Despite all of the variables in the IHSA football state playoff system, it is a fairly predictable model regarding how the fields typically look from year to year.
Certainly, there are breakthroughs from year to year. Teams emerge from relative obscurity to fight their way into the playoff field, while other programs that simply seem to make playoff appearances on a year-to-year basis slide back a bit and miss the field.
But overall, the number is remarkably stable. In fact, over the past decade, the turnover rate (teams that make the playoffs year in and year out) hovers above 80% in every single year.
Using a three-year win model, you often can get an accurate representation of how the playoff field might be constructed on a year-to-year basis.
Obviously, there are quirks in the system that could cause these landscapes to change, but more often than not these brackets should look similar to the ones that are rolled out next postseason.
Before we get to the potential Class 6A field, there are a few important enrollment distinctions to take note of. Once again, East St. Louis looks to be teetering between 5A and 6A. Early trends last year pointed to the Flyers leaning toward 5. They are slightly higher on the totem pole this time around, moving one slot from last year's exercise that had them as the potential largest Class 5A school. This time around, East St. Louis finds itself in the slot designated for the smallest 6A team. It's going to be a scenario that once again warrants regular inspection due to the impact East St. Louis has on both the Class 5A and Class 6A fields.
Now on to the projected Class 6A bracket, which by rule, is divided into a pair of 16-team north and south brackets.
• East St. Louis: As mentioned before, where East St. Louis lands classification-wise is the big thing to watch. The defending Class 6A champions will likely be the odds-on favorite regardless of which classification they show up in as they continue to have tons of Division I talent in their midst.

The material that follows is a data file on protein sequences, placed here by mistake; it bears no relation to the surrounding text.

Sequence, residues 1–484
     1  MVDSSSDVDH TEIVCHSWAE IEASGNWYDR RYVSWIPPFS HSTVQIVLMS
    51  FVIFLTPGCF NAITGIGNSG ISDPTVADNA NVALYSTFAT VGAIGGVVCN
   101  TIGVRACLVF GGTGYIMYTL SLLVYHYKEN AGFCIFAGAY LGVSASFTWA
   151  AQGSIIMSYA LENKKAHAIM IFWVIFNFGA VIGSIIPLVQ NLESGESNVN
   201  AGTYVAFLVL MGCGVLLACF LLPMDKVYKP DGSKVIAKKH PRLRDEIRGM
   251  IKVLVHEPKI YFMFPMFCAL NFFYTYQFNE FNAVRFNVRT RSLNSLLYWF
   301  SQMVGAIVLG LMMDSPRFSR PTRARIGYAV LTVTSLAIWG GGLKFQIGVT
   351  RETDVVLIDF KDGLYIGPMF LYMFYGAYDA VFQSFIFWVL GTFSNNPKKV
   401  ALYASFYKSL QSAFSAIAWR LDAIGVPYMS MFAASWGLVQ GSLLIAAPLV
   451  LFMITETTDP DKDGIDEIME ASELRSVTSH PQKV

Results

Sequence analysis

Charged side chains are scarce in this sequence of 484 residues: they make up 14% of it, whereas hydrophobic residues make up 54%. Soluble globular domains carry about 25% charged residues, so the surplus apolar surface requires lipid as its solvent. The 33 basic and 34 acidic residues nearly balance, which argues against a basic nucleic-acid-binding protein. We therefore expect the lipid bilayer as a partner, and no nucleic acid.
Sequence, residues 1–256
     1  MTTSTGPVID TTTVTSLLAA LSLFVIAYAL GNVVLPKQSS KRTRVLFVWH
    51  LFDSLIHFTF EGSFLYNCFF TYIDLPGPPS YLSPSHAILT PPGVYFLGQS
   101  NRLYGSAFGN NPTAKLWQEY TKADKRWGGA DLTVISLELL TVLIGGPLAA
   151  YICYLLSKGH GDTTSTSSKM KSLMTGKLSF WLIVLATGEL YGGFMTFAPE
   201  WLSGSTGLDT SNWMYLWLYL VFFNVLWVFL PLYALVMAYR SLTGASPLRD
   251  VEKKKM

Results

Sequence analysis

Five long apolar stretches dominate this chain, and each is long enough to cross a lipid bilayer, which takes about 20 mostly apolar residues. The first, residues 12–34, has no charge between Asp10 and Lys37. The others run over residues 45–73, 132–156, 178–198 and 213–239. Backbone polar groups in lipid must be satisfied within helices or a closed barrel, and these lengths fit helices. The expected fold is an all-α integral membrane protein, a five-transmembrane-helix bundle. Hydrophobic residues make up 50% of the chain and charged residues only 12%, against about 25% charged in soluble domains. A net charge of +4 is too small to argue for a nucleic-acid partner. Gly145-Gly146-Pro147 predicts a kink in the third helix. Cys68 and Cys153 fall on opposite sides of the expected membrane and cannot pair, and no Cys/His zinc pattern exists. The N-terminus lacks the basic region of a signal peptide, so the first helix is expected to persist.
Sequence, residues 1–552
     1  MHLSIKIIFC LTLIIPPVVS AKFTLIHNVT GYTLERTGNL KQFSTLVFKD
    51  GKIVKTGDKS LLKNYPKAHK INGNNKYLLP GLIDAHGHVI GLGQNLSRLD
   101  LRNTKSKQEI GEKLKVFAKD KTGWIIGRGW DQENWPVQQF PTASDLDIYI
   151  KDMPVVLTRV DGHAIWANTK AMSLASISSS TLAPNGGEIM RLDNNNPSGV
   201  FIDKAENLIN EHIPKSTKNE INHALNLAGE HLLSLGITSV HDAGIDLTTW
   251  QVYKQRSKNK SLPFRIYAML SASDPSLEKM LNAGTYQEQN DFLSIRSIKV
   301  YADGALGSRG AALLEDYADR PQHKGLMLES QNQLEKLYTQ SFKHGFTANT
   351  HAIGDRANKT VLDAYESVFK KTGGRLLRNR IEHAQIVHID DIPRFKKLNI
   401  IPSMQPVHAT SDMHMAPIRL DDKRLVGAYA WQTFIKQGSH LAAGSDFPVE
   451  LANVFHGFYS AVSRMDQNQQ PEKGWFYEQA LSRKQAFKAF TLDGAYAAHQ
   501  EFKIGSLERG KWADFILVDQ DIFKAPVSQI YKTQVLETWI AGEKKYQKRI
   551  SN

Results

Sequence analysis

• Prairie Ridge: Another program that seems to stack wins in bunches. It would be surprising to not seem the Wolves with a relatively small number next to their name when the bracket comes out in the fall.
• Crete-Monee: The Warriors have been a dominant program for the better part of a decade, but the Southland Conference expansion gave them an even clearer path to a top record. No one in the league has proven up to the task of toppling the Warriors in several years.
ON THE RISE
• Dunlap: As its enrollment increases (Dunlap used to find itself in the large 4A/small 5A range), so does its skill level. The Eagles have now become a team to keep an eye on year in and year out.
• Peoria: The high-octane squad lost some pieces to graduation, but its free-wheeling attack mode probably won't slow down too much. The Lions have a good thing going and have some solid younger pieces ready to step up.
• Glenwood: The Central State Eight used to be a battle between Rochester and Sacred Heart Griffin for many years, but you simply can't limit things to just those two any more.
THE WILD CARDS
• Richards: One might wonder how the Bulldogs function without standout running back LeShon Williams, but the program seems to be back to its sturdy foundation as one of this classification's more dominant teams.
• Yorkville: The Foxes made a splash in the Southwest Prairie Conference in their debut in the league. If they can sustain that and manage to slide into 6A as one of the largest schools (they are currently the largest projected 6A school), things could go well.
• Kenwood: Maybe not quite at the marquee level of Phillips and Simeon, Kenwood has established itself as a consistent Chicago Public League winner. They also became a member of a fairly exclusive club of CPS schools that have snagged a playoff win against a non-CPS school.
TEAMS ON THE VERGE
(Teams that appear the closest to breaking into the projection that are not currently in)
Morgan Park: A brutal nonconference schedule over the past few years coupled with being involved in one of the more difficult Chicago Public League divisions has made life more difficult for the Mustangs. The slate has softened a bit which should help.
Thornwood: The T-Birds took a big step up last year, competing well in the restructured Southland. They also added St. Laurence's standout running back Nate Thomas via transfer, making them a team to look out for.
Crystal Lake Central and Crystal Lake South: The Fox Valley seems to get deeper every year, which makes wins harder and harder to come by for the middle tier teams in the league. These two are hoping to be one of the teams that emerge from the fray.
THE FULL BRACKET
• (16) Mather at (1) Prairie Ridge
• (9) Belvidere North at (8) St. Ignatius
• (13) Grayslake North at (4) Antioch
• (12) Lake Forest at (5) Simeon
• (15) Riverside-Brookfield at (2) Cary-Grove
• (10) Kenwood at (7) Kaneland
• (14) Reavis at (3) Richards
• (11) Deerfield at (6) Lakes
• (16) Rock Island at (1) East St. Louis
• (9) Providence at (8) Shepard
• (13) Yorkville at (4) Dunlap
• (12) Springfield at (5) Normal Community West
• (15) Quincy at (2) Chatham Glenwood
• (10) Peoria at (7) Lemont
• (14) Thornton at (3) Crete-Monee
• (11) Danville at (6) Washington